An examination of practices for reducing the overrepresentation of Black students in the mental retardation/intellectual disability eligibility category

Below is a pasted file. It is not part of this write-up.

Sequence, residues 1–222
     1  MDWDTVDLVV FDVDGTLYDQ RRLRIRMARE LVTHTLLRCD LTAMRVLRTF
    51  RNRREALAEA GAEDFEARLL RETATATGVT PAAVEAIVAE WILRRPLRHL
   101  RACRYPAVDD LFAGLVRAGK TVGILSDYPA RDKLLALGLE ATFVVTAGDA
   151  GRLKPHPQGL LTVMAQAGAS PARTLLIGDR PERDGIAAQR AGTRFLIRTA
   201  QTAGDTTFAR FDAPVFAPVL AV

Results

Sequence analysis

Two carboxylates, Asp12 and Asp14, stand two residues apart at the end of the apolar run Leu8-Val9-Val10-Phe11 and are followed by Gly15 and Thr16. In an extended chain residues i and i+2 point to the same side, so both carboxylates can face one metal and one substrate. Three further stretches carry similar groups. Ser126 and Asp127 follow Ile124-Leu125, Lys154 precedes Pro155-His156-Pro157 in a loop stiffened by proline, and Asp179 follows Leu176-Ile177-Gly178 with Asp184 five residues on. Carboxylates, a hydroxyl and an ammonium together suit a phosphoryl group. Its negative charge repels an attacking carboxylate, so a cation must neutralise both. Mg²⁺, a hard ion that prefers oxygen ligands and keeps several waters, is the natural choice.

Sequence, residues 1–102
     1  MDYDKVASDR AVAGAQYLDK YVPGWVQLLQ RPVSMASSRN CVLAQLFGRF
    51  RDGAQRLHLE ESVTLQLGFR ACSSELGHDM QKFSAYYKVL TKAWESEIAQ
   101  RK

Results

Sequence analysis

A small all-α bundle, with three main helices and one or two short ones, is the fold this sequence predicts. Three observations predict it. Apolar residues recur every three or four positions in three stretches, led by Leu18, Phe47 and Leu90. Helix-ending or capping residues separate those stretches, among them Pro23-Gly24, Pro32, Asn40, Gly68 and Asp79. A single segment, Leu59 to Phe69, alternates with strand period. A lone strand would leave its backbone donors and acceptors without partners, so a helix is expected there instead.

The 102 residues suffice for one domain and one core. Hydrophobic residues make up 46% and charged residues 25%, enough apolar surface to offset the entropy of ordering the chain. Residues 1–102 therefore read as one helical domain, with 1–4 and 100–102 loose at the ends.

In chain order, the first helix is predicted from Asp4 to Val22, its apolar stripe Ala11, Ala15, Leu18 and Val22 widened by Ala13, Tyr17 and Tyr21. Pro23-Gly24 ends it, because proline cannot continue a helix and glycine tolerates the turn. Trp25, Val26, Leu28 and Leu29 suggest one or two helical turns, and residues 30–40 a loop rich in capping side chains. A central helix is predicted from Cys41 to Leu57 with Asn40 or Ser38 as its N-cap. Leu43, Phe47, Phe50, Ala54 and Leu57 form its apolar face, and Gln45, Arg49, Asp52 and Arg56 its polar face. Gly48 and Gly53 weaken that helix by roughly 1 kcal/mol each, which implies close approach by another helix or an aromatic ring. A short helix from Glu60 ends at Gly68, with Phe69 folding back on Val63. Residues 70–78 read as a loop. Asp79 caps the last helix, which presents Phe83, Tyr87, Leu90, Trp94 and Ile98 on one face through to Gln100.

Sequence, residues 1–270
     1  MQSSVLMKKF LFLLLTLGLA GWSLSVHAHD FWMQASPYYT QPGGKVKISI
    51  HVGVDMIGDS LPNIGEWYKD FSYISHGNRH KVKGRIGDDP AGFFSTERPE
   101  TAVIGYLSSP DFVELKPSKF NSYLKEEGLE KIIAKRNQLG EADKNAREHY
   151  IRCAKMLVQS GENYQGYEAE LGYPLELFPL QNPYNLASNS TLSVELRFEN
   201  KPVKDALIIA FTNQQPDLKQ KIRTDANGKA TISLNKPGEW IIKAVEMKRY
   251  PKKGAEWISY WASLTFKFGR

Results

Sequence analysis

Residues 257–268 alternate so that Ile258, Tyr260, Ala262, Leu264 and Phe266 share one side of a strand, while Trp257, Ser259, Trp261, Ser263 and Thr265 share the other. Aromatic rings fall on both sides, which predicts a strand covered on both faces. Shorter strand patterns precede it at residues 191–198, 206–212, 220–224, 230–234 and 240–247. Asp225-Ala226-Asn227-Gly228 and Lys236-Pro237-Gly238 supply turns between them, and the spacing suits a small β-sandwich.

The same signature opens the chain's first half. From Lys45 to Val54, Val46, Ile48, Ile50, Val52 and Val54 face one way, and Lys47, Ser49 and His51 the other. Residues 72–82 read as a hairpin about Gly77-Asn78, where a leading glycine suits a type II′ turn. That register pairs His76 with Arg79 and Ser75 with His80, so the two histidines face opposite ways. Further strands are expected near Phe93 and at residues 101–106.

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The purpose of the study was to describe district practices related to reducing the overrepresentation of Black Students in the Mental Retardation/Intellectual Disability eligibility category due to inappropriate identification by examining learning processes and dissemination of knowledge. One suburban school district was purposefully selected as it no longer was identified as being significantly racially disproportionate. The researcher conducted two focus groups and three interviews. The two focus groups consisted of a total of ten K-12 special education process coordinators divided into two groups. From those focus groups, two process coordinators were chosen based upon their knowledge from the focus groups for individual interviews to gather further information one-on-one instead of in a group setting. A third individual interview consisted of an elementary special education teacher. Data were collected using audio-recorded focus groups and interview and a review of district documents. Three themes emerged from the data: 1) impact of dialogue on knowledge creation, 2) impact of dialogue on determining further district needs, and 3) implementation of district-wide initiatives for change. Implications of the study could assist other school districts who have been identified as significantly racially disproportionate.